And this has ramifications for his US operations too.
As others have pointed out, Les Hinton, who oversaw the internal 2007 News International internal inquiry into the hacking of phones in 2007, said that the journalist and investigator involved were one-offs:
Hinton, who then ran NI which is owned by News Corp, spoke to the Commons culture committee looking into the Goodman affair on 6 March 2007. He was asked whether the News of the World had “carried out a full, rigorous internal inquiry” into phone hacking and whether he was “absolutely convinced” the practice was limited to a single reporter.
The Guardian understands that Hinton was among five NI executives who had access to the report. The then News of the World editor, Colin Myler, and legal counsel, Tom Crone, are also understood to have seen it.
Having met with the family of the murdered schoolgirl whose phone was hacked, the Deputy Prime Minister Nick Clegg has now come out against the News International bid for BSkyB – an amazing turnaround – and making Murdoch’s complete acquisition of Britain’s largest broadcaster potentially dead in the water.
But Murdoch still has a largely intact media empire, both here and in the US. As it stands Les Hinton could be in defiance of various British laws, and therefore not a person of standing to be publisher of the WSJ, either under simple corporate governance rules, or the FCP act.
UPDATE: Just to underline that it’s not just NOTW nor just celebrities, victims or royals, Michael Crick, a well respected BBC reporter, is tweeting that the former PM, Gordon Brown, is going to make a statement this afternoon about The Sunday Times.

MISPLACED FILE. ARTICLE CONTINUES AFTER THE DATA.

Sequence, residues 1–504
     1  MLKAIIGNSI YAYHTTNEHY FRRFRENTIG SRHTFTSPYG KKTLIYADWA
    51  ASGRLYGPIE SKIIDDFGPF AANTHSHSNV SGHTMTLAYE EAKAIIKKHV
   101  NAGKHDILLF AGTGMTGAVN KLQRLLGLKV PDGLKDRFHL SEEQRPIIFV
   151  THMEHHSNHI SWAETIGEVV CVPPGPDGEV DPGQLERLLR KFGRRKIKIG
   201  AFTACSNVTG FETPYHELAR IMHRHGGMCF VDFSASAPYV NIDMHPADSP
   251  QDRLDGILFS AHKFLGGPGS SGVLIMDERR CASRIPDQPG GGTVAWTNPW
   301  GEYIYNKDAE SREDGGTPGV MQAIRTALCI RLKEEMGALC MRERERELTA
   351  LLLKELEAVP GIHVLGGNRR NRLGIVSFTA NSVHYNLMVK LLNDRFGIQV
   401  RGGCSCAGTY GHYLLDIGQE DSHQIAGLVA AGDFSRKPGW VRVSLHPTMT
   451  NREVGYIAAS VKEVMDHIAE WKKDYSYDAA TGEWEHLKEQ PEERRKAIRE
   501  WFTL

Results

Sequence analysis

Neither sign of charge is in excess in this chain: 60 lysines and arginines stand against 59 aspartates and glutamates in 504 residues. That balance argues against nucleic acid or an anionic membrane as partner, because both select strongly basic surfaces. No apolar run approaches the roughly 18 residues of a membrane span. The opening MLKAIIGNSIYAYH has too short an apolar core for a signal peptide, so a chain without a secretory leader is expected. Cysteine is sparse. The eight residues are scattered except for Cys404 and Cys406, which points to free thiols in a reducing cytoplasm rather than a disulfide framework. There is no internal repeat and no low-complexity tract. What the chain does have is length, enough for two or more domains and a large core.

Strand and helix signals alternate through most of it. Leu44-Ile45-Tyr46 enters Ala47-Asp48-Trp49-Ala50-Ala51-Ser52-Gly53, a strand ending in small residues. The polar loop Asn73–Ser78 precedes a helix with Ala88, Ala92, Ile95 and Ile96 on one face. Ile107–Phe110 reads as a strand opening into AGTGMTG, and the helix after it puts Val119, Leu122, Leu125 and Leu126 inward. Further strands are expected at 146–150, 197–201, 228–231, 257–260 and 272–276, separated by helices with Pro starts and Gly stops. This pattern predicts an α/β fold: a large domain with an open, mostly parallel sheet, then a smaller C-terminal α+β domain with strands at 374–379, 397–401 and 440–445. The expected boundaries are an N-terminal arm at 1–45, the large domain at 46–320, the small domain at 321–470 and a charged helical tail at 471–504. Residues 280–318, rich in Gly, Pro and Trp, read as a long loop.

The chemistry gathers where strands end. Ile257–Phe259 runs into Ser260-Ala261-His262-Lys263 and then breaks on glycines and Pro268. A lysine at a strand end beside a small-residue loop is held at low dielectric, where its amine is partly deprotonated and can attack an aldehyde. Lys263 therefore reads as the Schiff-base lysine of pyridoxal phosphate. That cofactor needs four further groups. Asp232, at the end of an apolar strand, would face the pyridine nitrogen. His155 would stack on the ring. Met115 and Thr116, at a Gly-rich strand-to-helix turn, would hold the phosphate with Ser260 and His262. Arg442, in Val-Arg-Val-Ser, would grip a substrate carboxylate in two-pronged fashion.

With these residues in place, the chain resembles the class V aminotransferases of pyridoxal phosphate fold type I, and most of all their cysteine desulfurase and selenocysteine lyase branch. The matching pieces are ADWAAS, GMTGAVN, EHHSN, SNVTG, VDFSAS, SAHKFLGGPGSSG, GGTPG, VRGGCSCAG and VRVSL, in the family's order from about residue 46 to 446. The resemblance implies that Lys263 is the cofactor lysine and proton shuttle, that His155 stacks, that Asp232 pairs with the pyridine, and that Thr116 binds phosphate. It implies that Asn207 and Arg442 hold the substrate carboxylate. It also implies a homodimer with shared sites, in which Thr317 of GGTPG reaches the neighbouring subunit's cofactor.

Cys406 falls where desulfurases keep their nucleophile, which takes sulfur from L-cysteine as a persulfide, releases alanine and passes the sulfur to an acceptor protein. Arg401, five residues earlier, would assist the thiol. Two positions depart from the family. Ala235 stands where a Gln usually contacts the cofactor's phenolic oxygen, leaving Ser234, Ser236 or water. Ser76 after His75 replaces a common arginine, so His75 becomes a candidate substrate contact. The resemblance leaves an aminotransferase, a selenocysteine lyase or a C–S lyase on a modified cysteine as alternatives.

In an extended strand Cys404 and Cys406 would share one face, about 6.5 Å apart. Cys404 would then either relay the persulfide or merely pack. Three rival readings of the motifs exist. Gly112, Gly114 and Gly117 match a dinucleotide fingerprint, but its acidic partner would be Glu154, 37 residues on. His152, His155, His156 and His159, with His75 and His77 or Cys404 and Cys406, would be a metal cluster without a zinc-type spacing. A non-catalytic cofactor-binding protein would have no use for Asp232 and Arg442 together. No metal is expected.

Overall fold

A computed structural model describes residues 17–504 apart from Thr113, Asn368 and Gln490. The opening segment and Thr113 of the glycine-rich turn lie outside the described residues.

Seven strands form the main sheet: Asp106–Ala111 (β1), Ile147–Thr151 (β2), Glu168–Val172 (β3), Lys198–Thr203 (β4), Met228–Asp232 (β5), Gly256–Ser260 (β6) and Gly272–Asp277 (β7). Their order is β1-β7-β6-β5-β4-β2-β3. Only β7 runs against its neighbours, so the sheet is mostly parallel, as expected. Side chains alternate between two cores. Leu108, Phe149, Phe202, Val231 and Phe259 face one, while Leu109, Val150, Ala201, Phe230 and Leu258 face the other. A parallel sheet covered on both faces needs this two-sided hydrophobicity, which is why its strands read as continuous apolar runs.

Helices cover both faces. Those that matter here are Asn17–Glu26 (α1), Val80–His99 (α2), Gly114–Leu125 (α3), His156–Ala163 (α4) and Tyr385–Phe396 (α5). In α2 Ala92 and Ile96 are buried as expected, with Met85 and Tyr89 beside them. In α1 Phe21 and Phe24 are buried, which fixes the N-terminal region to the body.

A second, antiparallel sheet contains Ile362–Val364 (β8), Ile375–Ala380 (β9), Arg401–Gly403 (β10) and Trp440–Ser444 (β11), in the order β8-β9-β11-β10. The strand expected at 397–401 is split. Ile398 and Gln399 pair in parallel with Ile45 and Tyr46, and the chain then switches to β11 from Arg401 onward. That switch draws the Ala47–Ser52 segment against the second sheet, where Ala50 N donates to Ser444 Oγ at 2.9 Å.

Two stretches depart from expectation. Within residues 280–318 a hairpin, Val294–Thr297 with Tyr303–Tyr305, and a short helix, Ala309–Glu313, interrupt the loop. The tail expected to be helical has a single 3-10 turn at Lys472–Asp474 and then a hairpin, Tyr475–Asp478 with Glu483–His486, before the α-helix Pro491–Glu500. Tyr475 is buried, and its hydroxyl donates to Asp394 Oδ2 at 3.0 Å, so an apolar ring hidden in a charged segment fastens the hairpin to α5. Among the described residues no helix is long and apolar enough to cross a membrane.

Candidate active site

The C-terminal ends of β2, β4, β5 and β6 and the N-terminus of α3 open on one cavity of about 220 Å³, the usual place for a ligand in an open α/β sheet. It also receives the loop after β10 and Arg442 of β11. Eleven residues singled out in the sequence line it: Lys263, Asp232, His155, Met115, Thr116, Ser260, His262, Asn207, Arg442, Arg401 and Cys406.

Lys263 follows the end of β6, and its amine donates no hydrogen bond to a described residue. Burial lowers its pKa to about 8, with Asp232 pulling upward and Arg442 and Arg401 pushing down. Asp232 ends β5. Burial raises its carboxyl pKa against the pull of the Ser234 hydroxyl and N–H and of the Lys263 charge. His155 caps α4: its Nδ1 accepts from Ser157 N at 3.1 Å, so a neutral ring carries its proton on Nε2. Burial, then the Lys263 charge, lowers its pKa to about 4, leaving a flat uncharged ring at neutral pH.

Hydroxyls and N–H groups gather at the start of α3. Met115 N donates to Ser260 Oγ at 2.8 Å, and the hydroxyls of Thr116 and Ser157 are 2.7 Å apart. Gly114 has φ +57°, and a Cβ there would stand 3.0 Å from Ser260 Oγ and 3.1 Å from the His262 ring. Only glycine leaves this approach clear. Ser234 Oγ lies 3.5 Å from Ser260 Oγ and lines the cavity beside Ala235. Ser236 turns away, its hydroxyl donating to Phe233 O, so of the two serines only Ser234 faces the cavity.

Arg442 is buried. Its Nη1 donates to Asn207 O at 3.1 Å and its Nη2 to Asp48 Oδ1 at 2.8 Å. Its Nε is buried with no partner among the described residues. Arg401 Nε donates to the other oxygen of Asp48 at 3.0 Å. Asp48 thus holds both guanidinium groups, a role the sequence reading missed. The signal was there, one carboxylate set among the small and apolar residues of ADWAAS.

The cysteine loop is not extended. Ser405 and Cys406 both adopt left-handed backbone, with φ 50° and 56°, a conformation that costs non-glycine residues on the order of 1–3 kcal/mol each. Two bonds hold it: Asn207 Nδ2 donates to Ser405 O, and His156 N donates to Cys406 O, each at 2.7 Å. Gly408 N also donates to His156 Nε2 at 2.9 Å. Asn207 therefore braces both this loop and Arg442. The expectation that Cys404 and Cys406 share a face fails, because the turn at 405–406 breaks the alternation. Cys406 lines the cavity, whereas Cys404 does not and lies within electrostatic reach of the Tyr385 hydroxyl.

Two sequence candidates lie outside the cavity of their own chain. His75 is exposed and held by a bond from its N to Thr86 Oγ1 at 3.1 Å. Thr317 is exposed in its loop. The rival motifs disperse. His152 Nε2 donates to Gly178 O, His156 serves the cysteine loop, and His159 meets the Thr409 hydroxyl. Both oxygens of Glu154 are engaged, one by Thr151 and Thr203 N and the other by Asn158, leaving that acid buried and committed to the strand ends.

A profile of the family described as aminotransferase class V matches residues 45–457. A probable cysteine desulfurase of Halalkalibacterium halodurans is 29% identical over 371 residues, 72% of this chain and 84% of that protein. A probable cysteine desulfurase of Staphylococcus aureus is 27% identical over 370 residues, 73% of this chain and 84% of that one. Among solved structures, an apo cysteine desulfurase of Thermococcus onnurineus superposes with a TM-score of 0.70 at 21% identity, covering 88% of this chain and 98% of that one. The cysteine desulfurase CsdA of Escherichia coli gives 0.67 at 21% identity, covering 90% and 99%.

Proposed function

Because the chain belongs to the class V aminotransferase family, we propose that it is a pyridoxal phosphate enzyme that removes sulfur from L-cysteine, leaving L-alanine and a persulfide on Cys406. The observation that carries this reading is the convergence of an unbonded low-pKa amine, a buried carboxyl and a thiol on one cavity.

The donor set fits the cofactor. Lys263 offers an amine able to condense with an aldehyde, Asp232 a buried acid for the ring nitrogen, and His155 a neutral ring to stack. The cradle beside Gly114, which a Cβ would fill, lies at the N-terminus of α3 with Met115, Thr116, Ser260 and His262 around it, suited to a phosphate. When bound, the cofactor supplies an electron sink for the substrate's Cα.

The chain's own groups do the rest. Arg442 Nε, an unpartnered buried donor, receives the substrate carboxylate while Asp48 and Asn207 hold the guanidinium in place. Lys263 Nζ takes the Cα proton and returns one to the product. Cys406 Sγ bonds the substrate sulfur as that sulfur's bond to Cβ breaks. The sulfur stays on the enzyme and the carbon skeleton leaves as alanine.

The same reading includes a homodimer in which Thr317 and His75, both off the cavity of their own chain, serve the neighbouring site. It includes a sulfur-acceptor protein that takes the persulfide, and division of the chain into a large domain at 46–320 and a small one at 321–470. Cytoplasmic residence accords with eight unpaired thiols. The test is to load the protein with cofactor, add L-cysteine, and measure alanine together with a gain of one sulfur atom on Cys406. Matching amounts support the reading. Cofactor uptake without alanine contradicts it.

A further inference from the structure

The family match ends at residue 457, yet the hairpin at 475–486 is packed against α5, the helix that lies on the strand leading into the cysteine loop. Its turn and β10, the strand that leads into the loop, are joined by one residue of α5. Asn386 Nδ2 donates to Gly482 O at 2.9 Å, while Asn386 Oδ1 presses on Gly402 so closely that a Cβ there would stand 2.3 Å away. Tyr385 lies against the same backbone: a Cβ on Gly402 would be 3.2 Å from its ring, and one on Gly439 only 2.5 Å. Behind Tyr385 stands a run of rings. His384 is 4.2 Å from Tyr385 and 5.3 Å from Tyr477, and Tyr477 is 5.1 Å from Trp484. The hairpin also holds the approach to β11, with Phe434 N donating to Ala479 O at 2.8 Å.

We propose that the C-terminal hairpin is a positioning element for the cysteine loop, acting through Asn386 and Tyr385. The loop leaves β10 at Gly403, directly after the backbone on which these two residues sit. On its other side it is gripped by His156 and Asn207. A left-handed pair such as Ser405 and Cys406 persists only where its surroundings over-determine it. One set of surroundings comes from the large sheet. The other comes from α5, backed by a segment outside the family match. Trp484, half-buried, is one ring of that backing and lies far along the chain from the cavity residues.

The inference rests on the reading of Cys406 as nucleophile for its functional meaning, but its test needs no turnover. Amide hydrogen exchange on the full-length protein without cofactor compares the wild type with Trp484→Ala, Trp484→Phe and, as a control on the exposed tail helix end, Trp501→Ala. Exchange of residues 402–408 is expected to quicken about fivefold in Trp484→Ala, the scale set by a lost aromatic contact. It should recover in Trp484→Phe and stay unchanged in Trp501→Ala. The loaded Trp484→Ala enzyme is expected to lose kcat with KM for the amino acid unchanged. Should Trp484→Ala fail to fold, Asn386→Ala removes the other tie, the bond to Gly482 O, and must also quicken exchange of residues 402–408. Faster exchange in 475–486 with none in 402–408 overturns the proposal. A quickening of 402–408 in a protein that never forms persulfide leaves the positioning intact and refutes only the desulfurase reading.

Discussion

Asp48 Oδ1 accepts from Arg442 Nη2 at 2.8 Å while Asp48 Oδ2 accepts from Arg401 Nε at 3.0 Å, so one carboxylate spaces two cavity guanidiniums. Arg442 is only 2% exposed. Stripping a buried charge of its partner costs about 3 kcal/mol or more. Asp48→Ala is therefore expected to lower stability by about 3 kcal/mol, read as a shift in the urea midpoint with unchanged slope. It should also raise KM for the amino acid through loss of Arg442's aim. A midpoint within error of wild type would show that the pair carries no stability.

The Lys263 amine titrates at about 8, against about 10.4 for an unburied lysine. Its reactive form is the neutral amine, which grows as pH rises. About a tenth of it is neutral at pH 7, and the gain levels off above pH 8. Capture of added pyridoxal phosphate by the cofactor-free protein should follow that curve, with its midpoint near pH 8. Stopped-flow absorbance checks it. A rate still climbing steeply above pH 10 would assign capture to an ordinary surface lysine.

The news is now in thanks to the stellar reporter at the Guardian, Nick Davies: News International papers targeted Gordon Brown
Journalists from across News International repeatedly targeted the former prime minister Gordon Brown, attempting to access his voicemail and obtaining information from his bank account, his legal file as well as his family’s medical records.
There is also evidence that a private investigator used a serving police officer to trawl the police national computer for information about him.
It gets more disgusting still – Brown’s children were a victim. According to a BBC reporter
BBC told medical records of Gordon Browns son with cystic fibrosis illegally obtained + info then published by the Sun when Brooks in charge
UPDATEX2: Is US pressure now working? According to the Guardian via Reuters:
It appears that lawyers from a group of News Corporation institutional shareholders have filed a complaint at the chancery court in Delaware – the famously business-friendly state where News Corp and thousands of other companies are incorporated – saying the company’s board should have taken action against phone hacking years before.
I’ve just heard Michael Wolff, Murdoch’s biographer, say it’s “headless chicken” time at Newscorp and:
I think Rupert M
urdoch for one of the first times in his life has absolutely no idea what he should do.
As of 19.00 BST Newscorp stock is down 7%
Is this potentially an ENRON moment for Newscorp. As Virginisland Guy says on the Moose:
Ruperts empire is a classic “Grow or Die” model. Cut off his expansion plans and shine the spotlight on the unprofitability of many of his holdings, and the whole will crumble under the leveraged debt load.
James Murdoch could be subject to DOJ and SEC inquiries because of the Foreign Corrupt Practices Act